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Dumb dovetail question

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Forum topic by Grantman posted 10-11-2010 10:20 PM 1168 views 1 time favorited 10 replies Add to Favorites Watch
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Grantman

109 posts in 3493 days


10-11-2010 10:20 PM

Topic tags/keywords: question resource tip joining

I’m starting to finally cut my first dovetails. When sawing, do you split the line? Cut to the line? I’ve read that using a knife rather than a pencil makes the joint cleaner. That would, I think, make it harder to split the line.

Where do you “aim the saw?”

And I guess that would hold true to other joints, but let’s work on dovetails first.

Thanks.


10 replies so far

View Eric_S's profile

Eric_S

1551 posts in 2663 days


#1 posted 10-11-2010 10:43 PM

If you are just starting out you may want to cut inside the waste side to be safe and if you need to take a bit more after. I do agree that a knife line makes it easier as its much more precise than a thick pencil mark, but that is just my opinion.

Also, its best to do all the cuts of one direction before switching to the other direction(cut all left sides of tails, then all right sides, etc). This will help with muscle memory and you’ll get more accurate and consistent cuts. I think it was Woodsmith that had a great video on doing dovetails by hand. The Wood Whisperer has a good one on dovetails as well.

-- - Eric Noblesville, IN

View Dennisgrosen's profile

Dennisgrosen

10850 posts in 2583 days


#2 posted 10-11-2010 10:43 PM

you saw on the waist side of the line
if you cross the line you will have a loose fit

go to this site and look how T-cheisel aka Tom Macdonald does it and explain it
http://www.thomasjmacdonald.com/media/category.php?cat=Tool-Box

Dennis

View swirt's profile

swirt

2118 posts in 2440 days


#3 posted 10-11-2010 11:09 PM

Dovetails, tenons, crosscuts… pretty much any cut, you always saw on the waste side of the line. And yes a thinner line is better so a knife cut is best, though sometimes hard to see. If you are careful about which way the bevel of the knife cut faces, it will create the saw guide for you and the saw will track/slip to the vertical wall of the knife cut. This way yours eyes don’t have to be so good. ;)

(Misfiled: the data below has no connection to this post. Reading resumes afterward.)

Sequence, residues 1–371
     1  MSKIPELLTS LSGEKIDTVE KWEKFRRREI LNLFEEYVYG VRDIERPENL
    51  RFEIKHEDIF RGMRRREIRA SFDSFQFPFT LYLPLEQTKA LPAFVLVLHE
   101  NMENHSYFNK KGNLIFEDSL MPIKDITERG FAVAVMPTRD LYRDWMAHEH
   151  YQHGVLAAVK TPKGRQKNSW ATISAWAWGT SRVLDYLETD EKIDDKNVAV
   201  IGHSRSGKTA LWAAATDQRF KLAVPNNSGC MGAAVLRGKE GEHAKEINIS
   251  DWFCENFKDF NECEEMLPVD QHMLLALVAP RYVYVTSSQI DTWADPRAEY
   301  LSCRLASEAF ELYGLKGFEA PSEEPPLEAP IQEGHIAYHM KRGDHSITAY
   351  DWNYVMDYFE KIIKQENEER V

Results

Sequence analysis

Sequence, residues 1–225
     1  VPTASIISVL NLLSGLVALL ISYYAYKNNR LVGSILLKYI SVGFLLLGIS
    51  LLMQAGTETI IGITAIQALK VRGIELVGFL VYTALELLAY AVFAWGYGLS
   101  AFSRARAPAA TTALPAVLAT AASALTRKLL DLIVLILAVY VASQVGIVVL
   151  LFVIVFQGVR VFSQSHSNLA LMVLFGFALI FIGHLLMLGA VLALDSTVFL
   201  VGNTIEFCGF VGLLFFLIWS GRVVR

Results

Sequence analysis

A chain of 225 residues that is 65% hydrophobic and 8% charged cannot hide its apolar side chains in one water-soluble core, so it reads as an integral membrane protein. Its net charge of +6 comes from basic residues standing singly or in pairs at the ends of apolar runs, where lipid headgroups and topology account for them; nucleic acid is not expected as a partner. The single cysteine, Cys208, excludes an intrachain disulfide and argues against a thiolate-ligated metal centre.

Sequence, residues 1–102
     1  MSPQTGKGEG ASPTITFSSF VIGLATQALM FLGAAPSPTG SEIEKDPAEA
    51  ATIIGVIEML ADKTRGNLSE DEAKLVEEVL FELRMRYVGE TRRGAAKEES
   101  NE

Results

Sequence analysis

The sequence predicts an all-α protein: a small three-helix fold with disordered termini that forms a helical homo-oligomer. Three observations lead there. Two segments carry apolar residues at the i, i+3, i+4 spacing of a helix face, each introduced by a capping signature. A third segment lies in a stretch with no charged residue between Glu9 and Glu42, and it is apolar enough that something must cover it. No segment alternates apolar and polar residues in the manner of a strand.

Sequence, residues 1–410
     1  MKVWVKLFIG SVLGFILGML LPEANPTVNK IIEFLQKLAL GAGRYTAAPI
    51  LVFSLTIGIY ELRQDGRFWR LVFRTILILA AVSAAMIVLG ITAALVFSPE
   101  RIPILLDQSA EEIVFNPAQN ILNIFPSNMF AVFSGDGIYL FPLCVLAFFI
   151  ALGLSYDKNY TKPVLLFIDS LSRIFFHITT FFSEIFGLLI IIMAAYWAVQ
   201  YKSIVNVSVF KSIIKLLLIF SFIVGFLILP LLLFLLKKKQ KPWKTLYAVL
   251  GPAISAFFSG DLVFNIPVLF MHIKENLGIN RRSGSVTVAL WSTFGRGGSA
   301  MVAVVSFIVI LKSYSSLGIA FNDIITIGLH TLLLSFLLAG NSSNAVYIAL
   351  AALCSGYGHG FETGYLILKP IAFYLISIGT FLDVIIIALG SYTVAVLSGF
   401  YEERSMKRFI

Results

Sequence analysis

-- Galootish log blog, http://www.timberframe-tools.com

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Eric_S

1551 posts in 2663 days


#4 posted 10-11-2010 11:36 PM

Swirt I’ll have to remember the bevel trick. I never thought of that.

-- - Eric Noblesville, IN

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Grantman

109 posts in 3493 days


#5 posted 10-12-2010 01:07 AM

Thanks. Cut to the line on the waste side it is….

Oh, and Jorge, my ‘aim the saw’ was simply a poor wording of where to cut. Aim it for the waste side is the answer.

Grantman

View Gofor's profile

Gofor

470 posts in 3255 days


#6 posted 10-12-2010 01:53 AM

The above pretty much covered it. No question is “dumb” if you do not know the answer.

Go

-- Go http://ncwoodworker.net/pp/showgallery.php?cat=500&ppuser=730

View BertFlores58's profile

BertFlores58

1684 posts in 2390 days


#7 posted 10-12-2010 06:02 AM

Most of the time, I overcut on the waste portion when I think I need to adjust the depth cut. If you file the deep side of the pins, then you have a loose fit if you dont overcut.

The saw must be aimed at the corner of the wood nearest you at 45 deg taking the first 3 cuts on backward motion (not the cutting direction).

Swirt, the bevel of knife is a nice technique. I normally use mechanical pencil .5 or .7mm leadpoint.

-- Bert

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Gofor

470 posts in 3255 days


#8 posted 10-13-2010 12:54 AM

I usually accentuate the knife cut with a chisel tap, bevel toward the waste side. Dovetail saw falls right into the groove on the waste side.

Go

-- Go http://ncwoodworker.net/pp/showgallery.php?cat=500&ppuser=730

View swirt's profile

swirt

2118 posts in 2440 days


#9 posted 10-13-2010 06:13 AM

The knife bevel technique greatly improved my hand sawing. I use it for crosscuts and fine rips too. I do have a harder time with it on end grain though. i use an exacto knofe for marking dovetails and it it doesn’t usually leave a solid enough bevel to consistently register the saw against…. I should add Gofor’s method to mine for dovetails.

On crosscuts and other larger cuts I use a homemade striking knife and that works really well as it is more solid and leaves behind a crisp wall on one side and a crushed bevel on the other.

-- Galootish log blog, http://www.timberframe-tools.com

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Dennisgrosen

10850 posts in 2583 days


#10 posted 10-13-2010 07:24 AM

that was realy a hefty marking knife Swirt..lol

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